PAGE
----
The Acorn Support team has always been advocates of offering your employees a flexible approach to working. We believe it increases employee loyalty, employee retention and improves the well being of your employees by reducing stress.
So when the following article popped into our inbox this week from unum.co.uk we wanted to share it with you.
We do understand that depending on the nature of your business it is not always possible to offer flexibility but it’s still an interesting article about a business that has thought outside of the box!
While many companies make a move to bigger offices to accommodate a growing enterprise, B2B information and events company, Incisive Media, took the opposite approach and downsized – embracing a new flexible working approach to suit the needs of their forward-thinking workforce.
As the 2012 London Olympics approached, Unum customer, Incisive Media, debated what would happen if the city’s transport system buckled under the pressure of the millions of spectators that were due to attend the games. In a staff survey, 85% of employees said they would prefer to work from home during those two weeks. This planted a seed that got the company thinking in a different way. Stuart McLean, HR Director, explained that the combination of moving offices and the preference to work from home led to a new philosophy for flexible working.
“It’s part of a bigger well-being programme, helping our employees achieve a better work-life balance,” Stuart explains, “it’s not always necessary to be in the office five days a week.” The company enlisted the help of workplace consultancy spacelab who analysed how the workforce interacted and how a non-allocated desk strategy could break down silos and create a more collaborative atmosphere.
While there’s no quota for how many days an employee needs to be in the office, Stuart makes it clear that their output can’t be affected and they need to be contactable within the company’s core hours, 10am until 4pm, but there can be exceptions: “we’re a 24 hours business, so if it suits someone to work midnight to 8am, we’d like to be able to accommodate that.”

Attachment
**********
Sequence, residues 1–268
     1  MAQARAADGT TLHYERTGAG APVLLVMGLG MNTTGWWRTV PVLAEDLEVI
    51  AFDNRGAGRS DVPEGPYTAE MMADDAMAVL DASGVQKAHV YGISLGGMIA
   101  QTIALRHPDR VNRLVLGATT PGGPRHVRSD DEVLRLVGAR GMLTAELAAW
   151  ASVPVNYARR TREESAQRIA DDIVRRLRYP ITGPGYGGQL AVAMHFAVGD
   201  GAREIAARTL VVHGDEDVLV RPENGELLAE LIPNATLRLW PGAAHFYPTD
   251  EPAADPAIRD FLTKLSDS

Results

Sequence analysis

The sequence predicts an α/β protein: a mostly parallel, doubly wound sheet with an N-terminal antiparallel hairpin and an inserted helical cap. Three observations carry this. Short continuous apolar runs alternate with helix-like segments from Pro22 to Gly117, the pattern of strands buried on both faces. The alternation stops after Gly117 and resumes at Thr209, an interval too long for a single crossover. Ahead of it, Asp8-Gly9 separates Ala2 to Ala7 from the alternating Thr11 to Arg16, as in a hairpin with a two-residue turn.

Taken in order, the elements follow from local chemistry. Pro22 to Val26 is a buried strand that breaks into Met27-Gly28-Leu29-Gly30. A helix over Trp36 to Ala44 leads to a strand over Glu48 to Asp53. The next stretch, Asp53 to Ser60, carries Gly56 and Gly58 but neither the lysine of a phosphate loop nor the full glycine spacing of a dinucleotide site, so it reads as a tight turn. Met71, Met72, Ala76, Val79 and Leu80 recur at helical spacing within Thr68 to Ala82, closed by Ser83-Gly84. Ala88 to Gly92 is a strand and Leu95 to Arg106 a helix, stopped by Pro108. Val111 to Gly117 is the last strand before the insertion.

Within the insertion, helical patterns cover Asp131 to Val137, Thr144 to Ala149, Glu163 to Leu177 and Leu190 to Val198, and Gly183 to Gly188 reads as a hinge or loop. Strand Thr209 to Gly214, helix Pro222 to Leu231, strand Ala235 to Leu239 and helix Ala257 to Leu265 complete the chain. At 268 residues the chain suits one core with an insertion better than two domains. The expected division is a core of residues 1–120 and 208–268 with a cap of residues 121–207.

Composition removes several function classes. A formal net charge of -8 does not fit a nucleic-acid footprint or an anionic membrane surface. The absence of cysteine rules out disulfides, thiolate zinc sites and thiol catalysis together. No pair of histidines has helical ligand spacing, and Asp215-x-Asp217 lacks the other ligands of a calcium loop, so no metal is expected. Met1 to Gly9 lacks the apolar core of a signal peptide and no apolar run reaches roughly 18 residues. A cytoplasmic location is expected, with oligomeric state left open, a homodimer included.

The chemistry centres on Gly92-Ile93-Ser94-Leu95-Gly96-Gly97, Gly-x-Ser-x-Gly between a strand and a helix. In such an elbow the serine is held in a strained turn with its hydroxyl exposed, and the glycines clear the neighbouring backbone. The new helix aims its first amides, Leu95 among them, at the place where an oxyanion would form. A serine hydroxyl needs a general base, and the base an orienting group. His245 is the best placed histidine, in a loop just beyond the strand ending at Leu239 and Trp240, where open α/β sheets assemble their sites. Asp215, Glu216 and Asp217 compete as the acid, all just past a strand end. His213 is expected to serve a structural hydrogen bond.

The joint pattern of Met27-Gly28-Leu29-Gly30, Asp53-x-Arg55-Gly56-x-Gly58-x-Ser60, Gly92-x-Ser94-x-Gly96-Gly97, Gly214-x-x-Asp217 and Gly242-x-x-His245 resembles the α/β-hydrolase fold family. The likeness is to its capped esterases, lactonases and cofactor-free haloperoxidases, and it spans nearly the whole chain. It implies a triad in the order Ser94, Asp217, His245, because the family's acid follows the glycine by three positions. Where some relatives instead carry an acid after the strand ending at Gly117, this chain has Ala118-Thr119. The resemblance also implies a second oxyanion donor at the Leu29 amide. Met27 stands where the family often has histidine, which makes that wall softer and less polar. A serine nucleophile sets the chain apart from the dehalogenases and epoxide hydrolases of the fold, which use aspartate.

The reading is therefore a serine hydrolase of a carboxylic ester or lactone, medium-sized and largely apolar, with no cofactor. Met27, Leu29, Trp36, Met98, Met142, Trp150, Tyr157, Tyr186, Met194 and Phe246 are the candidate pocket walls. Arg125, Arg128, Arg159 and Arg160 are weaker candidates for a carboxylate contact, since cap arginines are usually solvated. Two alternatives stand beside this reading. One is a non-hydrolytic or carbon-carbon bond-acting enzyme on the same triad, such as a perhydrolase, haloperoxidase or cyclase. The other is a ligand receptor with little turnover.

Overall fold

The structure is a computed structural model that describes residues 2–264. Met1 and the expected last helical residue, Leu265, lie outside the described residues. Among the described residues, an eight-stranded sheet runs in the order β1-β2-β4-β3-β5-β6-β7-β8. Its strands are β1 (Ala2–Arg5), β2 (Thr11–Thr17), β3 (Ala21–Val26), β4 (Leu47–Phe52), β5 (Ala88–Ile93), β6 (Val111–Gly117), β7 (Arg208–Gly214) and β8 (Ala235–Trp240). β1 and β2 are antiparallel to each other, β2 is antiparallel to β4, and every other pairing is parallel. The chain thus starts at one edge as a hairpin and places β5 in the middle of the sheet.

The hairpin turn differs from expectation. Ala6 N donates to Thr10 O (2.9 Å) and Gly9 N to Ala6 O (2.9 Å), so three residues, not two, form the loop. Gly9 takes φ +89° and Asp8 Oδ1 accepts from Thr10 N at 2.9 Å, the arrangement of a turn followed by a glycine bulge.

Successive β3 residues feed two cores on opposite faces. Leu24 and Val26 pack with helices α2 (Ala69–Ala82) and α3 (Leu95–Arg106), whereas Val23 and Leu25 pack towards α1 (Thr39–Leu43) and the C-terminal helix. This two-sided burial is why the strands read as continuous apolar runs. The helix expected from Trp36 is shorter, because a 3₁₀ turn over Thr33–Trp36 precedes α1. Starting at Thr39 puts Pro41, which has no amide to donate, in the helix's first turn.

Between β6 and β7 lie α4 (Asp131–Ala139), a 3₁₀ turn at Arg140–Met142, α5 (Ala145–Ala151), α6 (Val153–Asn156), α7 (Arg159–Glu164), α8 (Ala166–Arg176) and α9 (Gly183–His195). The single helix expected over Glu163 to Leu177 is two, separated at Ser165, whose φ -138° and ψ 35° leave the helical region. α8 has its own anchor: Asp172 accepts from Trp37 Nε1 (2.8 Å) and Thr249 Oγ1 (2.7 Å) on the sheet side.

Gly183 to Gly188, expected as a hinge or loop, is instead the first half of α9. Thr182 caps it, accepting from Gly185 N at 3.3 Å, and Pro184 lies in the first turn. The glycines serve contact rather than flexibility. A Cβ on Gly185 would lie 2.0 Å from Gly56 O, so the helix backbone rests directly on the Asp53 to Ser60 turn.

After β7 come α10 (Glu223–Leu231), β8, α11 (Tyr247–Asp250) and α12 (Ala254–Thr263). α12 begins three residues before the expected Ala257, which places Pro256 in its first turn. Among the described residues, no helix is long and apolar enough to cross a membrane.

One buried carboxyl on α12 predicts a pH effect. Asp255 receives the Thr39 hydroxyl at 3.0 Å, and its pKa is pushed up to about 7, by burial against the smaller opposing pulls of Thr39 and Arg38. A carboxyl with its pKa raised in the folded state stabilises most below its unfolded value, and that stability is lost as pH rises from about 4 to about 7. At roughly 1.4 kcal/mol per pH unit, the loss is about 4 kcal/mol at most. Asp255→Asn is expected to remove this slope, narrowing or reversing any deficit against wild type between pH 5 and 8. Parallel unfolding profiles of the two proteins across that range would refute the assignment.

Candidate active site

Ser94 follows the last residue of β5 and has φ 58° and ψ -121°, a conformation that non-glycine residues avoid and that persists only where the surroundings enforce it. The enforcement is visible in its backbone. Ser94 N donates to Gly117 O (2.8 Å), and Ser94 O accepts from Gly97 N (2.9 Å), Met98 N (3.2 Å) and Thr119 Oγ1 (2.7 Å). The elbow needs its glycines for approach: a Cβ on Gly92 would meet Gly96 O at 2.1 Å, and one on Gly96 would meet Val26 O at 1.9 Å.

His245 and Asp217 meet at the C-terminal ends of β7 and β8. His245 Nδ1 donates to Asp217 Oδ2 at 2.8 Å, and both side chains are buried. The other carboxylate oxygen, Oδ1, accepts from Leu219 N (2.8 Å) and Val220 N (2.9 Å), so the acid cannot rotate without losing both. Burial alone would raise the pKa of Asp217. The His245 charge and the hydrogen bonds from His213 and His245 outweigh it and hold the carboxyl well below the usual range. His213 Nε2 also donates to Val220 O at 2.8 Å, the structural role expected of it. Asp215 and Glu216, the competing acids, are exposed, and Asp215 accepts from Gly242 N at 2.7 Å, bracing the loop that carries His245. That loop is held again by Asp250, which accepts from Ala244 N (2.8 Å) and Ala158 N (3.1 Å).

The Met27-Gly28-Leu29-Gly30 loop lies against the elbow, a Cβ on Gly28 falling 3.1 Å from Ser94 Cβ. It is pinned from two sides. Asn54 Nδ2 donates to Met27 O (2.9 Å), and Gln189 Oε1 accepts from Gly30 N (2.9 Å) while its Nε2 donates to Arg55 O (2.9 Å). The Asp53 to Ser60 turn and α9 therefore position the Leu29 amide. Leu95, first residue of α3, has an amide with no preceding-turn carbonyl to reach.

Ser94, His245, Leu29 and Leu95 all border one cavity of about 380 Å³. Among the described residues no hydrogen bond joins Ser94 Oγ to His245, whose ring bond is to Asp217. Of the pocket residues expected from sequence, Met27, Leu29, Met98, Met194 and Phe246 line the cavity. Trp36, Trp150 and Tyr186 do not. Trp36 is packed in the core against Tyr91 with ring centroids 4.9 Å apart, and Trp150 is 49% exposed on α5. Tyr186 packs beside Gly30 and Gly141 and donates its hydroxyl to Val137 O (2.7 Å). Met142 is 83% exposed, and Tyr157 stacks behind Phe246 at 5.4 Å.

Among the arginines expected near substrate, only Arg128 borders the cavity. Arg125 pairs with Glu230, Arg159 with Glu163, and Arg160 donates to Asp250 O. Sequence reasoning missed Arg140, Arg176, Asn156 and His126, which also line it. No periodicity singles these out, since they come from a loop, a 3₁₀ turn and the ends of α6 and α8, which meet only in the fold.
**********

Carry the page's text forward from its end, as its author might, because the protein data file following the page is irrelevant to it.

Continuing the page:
It’s been about 12 months since this change, so how have managers adapted?
“It has been difficult for some managers to see the benefits so far” remarked Stuart, “although we held training on how to manage remotely and asked them to develop a plan themselves, based on managing output, rather than presenteeism, which helped a lot. But in hindsight, it’s something we could have done more with and we’re still working on that in some areas.”
As the HR Director, pressure was on to prove output wouldn’t falter: “if we believed productivity would go down, we wouldn’t have done it.” Stuart’s also seen Incisive Media’s sickness absence drop by about 50%, now that people don’t feel compelled to journey into the office when they’re feeling a little under the weather. They can work from the comfort of their home, recuperating in their own time and avoiding a busy and perhaps stressful commute that may make an illness worse. Plus they won’t be infecting anyone else in the office.
Most importantly, if staff want to regularly work at home, they are required to fill in health and safety forms, submit a photo of their workstation clearly showing appropriate seating and lighting and are given a keyboard and mouse to go with their laptop: “it’s not considered good practise to use a laptop for hours on end.”
Following staff surveys, the general reaction has been very positive, even with the initial issues they’re still working through. And although Stuart comments that stress hasn’t been a huge problem in the company, they’ve noticed usage of their Employee Assistance Programme (EAP) has reduced. Plus, another bonus of the downsizing is that Incisive Media are saving £1.8million a year, despite investing in technology to support their remote workers.
With the nation constantly trying to balance demands of their work and families, “this is just an adult way of dealing with people, trusting them and treating them with respect.” Stuart says. If they can produce the same quality work, why can’t they pick and choose when they come into the office? Technology advances mean it’s becoming easier and easier to connect and communicate and it’s no longer imperative to make that commute into the office every day.
So with more and more people requesting flexible working, this approach may be the future of the working world.
If you need advice on how to move to more flexible working for your employees, then we can help
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